In all 38 NCCI states, the ARAP, a sort of second experience modification that penalizes severity more than frequency, exists as the Assigned Risk Adjustment Program and is found in the Residual, but not in the Voluntary, market. This is supposed to provide even more of an incentive for employers in the Pool to do the right things to get themselves into the voluntary market. It’s a debit mod only. In Massachusetts, however, the ARAP can be found in both the Residual and Voluntary markets. If an employer in the Voluntary market has a high experience modification, it will also most likely find itself with an ARAP surcharge, anywhere from 1% to 25%, which is applied to the standard modified premium.
For example, say a company in the Voluntary market has a manual premium of $100,000, an experience modification of 1.5 and an ARAP of 1.2. The resultant total premium will be $180,000. Think of the $30,000 ARAP charge as compound interest. This means that Massachusetts premiums are more sensitive to losses than premiums in other states, even “loss cost” states.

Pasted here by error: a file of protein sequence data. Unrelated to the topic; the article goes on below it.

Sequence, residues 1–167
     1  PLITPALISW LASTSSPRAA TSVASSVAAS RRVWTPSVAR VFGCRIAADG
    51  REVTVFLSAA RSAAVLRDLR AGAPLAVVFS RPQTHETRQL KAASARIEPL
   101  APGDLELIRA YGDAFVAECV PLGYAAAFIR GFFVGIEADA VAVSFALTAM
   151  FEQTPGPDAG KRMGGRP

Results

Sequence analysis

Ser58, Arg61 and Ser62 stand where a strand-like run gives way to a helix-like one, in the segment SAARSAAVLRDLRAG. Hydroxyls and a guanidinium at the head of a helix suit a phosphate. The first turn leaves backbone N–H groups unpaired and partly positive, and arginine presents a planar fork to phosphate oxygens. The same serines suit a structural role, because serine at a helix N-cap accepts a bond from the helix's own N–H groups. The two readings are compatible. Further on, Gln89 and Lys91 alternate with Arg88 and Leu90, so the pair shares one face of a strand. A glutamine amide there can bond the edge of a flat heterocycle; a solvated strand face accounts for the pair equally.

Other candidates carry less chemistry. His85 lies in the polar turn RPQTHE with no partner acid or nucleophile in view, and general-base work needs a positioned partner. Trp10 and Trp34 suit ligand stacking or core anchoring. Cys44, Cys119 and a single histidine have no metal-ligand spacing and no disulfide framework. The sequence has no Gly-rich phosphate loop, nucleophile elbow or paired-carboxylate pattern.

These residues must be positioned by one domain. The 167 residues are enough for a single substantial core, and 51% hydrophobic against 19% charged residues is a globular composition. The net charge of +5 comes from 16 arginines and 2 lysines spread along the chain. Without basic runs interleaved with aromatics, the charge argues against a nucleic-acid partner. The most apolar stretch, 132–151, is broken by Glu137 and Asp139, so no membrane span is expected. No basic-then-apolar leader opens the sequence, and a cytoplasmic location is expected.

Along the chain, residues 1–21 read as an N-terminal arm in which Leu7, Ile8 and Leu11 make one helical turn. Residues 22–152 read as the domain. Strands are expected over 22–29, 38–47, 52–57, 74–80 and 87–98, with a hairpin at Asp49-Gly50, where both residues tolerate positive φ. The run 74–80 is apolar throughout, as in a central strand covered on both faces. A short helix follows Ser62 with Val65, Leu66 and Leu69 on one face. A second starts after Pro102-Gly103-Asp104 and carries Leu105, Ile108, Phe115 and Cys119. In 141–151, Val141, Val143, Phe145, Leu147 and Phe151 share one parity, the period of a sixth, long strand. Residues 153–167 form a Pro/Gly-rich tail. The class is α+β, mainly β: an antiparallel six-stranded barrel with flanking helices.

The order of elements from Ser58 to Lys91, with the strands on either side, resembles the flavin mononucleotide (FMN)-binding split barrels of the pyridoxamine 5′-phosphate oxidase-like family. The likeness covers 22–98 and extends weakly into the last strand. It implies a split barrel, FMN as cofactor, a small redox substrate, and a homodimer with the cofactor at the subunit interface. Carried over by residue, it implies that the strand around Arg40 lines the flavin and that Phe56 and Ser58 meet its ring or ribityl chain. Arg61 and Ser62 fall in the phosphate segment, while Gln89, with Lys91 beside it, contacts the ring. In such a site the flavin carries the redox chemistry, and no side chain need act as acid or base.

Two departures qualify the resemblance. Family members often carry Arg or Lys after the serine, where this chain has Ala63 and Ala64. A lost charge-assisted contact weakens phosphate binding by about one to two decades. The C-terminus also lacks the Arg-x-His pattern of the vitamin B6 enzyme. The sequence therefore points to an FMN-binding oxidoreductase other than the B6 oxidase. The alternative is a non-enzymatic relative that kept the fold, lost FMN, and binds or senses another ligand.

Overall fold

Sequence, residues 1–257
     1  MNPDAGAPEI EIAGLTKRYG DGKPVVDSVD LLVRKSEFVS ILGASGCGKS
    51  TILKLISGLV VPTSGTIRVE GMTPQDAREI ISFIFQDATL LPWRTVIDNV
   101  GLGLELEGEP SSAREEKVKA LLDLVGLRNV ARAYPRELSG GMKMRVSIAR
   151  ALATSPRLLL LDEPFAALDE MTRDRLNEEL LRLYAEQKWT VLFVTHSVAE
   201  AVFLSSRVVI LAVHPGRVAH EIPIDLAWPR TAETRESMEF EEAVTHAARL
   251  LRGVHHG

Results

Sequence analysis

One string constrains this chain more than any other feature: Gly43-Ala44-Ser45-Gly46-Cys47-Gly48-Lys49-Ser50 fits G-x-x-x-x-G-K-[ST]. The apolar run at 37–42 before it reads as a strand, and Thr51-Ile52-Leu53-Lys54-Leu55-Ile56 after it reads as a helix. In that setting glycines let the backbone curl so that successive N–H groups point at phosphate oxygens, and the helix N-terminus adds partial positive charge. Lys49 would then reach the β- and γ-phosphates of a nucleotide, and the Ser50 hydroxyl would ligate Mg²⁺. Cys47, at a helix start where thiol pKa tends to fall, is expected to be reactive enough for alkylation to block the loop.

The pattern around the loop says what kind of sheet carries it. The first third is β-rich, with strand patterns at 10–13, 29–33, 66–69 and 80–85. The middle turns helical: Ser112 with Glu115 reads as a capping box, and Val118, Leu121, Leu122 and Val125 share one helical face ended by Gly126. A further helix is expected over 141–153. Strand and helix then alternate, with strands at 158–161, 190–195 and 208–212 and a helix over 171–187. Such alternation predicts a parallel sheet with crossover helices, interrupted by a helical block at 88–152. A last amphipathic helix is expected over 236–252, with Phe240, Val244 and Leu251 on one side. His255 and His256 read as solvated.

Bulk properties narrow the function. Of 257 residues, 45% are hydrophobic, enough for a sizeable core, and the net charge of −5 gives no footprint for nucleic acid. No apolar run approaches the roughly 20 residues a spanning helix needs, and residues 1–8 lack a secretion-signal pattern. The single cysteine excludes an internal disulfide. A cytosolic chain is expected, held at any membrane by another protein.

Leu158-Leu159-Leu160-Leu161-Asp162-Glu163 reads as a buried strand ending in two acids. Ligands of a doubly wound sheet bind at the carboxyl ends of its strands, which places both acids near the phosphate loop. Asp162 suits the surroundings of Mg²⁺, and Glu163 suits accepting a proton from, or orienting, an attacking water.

And why shouldn’t an employer with high claim severity pay more for workers’ compensation? Why should employers with low claim severity subsidize those with high claim severity? Although many in industry abhor the idea of the Voluntary market ARAP, it seems to me that Massachusetts is doing the fair and reasonable thing.
In 2007, ARAP surcharges in Massachusetts brought in additional premium of $60 million, or about 7% of total premium in the state. However, this should decline fairly significantly in 2008 and going forward for two reasons: